Every weekend, the Mexican drove from Ciudad Juarez to Mesquite, near Dallas, Texas, in nine and a half hours. Mesquite is famous for its gun markets. Every weekend he bought twelve to fifteen AR-15 semi-automatic rifles. Then he drove nine and a half hours back and in Mexico sold the weapons to the drug cartel that had ordered them. “No one in Mesquite asked him for a permit,” says Ioan Grillo, a journalist who interviewed the Mexican in prison for his book, released in February Blood Gun Money. “No one checked him at the border.”
The influx of illegally imported firearms from the United States has long been a thorn in Mexico’s side. Estimates of the number of weapons brought into Mexico from the north run as high as 500,000 a year. On Wednesday, the Mexican government committed an act and files a lawsuit against ten American arms manufacturersincluding Colt, Glock and Barrett.
According to the indictment, these companies are actively involved in the smuggling of weapons into Mexico. “For decades, the Mexican government and civilians have been victims of a deadly flood of (military) firearms originating in the US,” the indictment said.
Of all the weapons detected in Mexico by the US Alcohol, Tobacco and Firearms Service between 2014 and 2018, about 70 percent come from American manufacturers and traders. “AK-47s or Kalashnikovs arrive in Mexico via the US from Romania,” Grillo said over the phone from Mexico City.
coffee table gun
Colt produces a .38 pistol with the name and face of Emiliano Zapata, the Mexican revolutionary of the early twentieth century, on the barrel. It is especially popular in Mexico, as a sort of coffee table gun for drug lords. The example is cited in the indictment as evidence that US arms manufacturers are deliberately targeting the Mexican market, and that they don’t care if their products fall into the hands of killers.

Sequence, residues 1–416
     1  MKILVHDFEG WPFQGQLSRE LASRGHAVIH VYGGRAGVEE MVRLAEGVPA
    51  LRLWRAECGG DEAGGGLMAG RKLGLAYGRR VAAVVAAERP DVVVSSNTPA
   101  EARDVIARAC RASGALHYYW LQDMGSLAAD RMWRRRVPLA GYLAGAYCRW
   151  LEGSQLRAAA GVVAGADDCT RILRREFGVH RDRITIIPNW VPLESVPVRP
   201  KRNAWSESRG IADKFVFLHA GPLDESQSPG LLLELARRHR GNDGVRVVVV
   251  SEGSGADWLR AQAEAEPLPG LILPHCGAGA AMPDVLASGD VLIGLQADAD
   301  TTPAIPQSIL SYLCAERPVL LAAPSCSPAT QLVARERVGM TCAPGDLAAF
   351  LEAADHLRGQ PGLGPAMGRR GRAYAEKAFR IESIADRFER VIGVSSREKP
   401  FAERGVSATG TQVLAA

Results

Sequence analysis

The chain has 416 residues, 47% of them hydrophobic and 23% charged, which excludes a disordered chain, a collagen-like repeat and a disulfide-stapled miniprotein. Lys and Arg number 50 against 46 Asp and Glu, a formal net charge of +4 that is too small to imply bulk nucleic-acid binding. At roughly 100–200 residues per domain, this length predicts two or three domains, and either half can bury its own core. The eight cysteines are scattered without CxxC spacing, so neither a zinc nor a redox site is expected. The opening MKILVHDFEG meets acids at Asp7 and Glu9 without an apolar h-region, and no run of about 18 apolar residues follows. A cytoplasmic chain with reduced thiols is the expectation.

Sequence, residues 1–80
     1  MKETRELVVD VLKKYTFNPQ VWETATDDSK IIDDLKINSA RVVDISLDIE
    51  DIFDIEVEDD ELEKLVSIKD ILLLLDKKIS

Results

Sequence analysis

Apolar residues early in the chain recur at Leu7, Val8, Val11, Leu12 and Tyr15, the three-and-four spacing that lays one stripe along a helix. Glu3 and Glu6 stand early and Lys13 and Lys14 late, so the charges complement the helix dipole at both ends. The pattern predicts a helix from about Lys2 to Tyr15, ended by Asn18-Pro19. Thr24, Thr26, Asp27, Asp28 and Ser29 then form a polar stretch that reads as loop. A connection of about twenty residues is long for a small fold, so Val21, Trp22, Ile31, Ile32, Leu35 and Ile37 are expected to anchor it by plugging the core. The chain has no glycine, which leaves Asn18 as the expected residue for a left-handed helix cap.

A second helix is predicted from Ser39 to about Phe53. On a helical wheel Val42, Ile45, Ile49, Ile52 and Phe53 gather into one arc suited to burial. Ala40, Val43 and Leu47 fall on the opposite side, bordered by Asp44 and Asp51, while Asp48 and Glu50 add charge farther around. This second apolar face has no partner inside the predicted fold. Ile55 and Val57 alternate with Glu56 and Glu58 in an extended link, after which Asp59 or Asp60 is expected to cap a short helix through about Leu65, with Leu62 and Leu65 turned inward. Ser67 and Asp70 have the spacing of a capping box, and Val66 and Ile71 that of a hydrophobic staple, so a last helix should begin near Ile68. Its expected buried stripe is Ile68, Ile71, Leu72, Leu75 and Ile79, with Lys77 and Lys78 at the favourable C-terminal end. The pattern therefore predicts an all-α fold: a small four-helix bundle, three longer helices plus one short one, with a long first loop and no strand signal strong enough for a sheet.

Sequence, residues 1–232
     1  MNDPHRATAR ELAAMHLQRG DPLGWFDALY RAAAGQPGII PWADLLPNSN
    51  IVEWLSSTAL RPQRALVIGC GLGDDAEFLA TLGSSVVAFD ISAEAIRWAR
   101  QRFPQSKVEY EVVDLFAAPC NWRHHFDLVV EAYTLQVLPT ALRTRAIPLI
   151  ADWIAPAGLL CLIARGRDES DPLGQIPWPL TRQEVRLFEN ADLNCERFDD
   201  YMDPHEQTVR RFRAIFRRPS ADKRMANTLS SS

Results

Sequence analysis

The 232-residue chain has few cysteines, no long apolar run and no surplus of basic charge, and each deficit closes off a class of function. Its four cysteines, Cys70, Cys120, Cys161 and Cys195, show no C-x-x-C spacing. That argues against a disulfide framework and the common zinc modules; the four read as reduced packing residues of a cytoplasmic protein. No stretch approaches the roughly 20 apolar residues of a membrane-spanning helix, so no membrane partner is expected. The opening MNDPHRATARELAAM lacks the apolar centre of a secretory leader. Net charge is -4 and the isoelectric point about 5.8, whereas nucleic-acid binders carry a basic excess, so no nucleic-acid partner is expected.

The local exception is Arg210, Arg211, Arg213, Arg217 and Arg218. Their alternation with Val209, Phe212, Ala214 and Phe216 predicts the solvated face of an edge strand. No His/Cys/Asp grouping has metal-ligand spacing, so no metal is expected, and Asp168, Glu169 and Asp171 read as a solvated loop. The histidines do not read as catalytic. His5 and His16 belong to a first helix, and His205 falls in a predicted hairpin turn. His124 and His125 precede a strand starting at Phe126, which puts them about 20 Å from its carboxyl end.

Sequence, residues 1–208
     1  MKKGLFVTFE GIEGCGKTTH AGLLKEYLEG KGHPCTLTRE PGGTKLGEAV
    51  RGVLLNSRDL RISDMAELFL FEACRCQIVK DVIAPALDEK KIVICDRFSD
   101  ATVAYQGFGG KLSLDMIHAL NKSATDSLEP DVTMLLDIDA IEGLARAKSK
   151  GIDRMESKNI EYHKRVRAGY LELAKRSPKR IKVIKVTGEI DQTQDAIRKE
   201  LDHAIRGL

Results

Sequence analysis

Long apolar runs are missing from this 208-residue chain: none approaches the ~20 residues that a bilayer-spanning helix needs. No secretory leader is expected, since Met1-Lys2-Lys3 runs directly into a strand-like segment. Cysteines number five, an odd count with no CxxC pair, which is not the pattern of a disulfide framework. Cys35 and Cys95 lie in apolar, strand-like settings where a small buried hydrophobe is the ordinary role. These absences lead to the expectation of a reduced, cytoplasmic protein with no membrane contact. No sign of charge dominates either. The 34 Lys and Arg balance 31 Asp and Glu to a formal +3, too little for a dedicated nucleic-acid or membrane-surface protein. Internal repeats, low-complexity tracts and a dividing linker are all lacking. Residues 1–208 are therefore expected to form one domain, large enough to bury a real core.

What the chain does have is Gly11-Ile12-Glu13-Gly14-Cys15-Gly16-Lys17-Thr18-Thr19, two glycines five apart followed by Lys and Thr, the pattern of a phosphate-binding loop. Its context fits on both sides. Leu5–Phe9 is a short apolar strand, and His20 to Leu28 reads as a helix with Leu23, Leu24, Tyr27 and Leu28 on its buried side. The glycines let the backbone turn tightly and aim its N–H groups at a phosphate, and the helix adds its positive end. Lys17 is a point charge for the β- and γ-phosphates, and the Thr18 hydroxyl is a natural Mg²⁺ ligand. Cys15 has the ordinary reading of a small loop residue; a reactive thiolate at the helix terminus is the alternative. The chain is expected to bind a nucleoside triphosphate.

The bulk of the contraband involves much heavier weapons, such as Barret’s .50 sniper rifle. The bullets from this weapon, used by US military personnel in Afghanistan and Iraq, are the size of a cigar and can penetrate the door of an armored vehicle up to two kilometers away. In 2016, a drug gang shot down a police helicopter in western Mexico with a Barrett .50. In 2019, members of the Sinaloa drug cartel fired the same rifle at the police officers who had captured their leader. The streets in Culiacán were littered with the dead and injured and the police had to release the gang leader.
There are about 30,000 murders per year in Mexico, about three and a half times as many as in the US in proportion to the population. An unnamed Mexican government official told Reuters news agency that 17,000 of those murders were committed with weapons imported from the US have been smuggled in.
During his research, Grillo saw for Blood Gun Money how easy it is to legally obtain firearms in the US, unlike much more restrictive Mexico. A man who buys 85 guns at once – the seller just gives them to you. “The US government can certainly make it harder for the smugglers,” Grillo said. “To start with, by taking a serious approach to screening buyers.”
Shooting in El Paso
In the American media, lawyers immediately spoke about the chances of the Mexicans, almost all of whom believe that the gun lobby has pretty much boarded up American legislation. In 2005 a law was passed that exempts arms manufacturers from prosecution if a crime is committed with ‘their’ weapons. It is not without reason that the motto of the gun lobby is: ‘Firearms don’t kill people, people kill people’.
The timing of the Mexican indictment does not seem coincidental. It was Tuesday a year ago that a gunman in El Paso, Texas, on the southern border, shot and killed 20 people in a supermarket. Eight of the victims had Mexican nationality.
In 2019, the Supreme Court ruled that parents of children who were victims of a shooting at Sandy Hook Elementary School (twenty preschoolers and six adults killed with an AR-15 semi-automatic rifle in 2012) have the right to take their cases to court . Weapons manufacturer Remington is trying to settle the case with a lump sum of 33 million dollars (28 million euros).
The Mexican government says it is keeping a close eye on these and similar cases and sees this as a reason to turn years of dissatisfaction into legal action. Foreign Minister Marcelo Ebrard said at a press conference that “our main goal is to stop these companies.”
“I would not immediately say that they have no chance,” says Grillo. “Look at the tobacco companies and the pharmaceutical industry. The major changes in those industries have all been enforced in court.”
A version of this article also appeared in NRC on the morning of August 6, 2021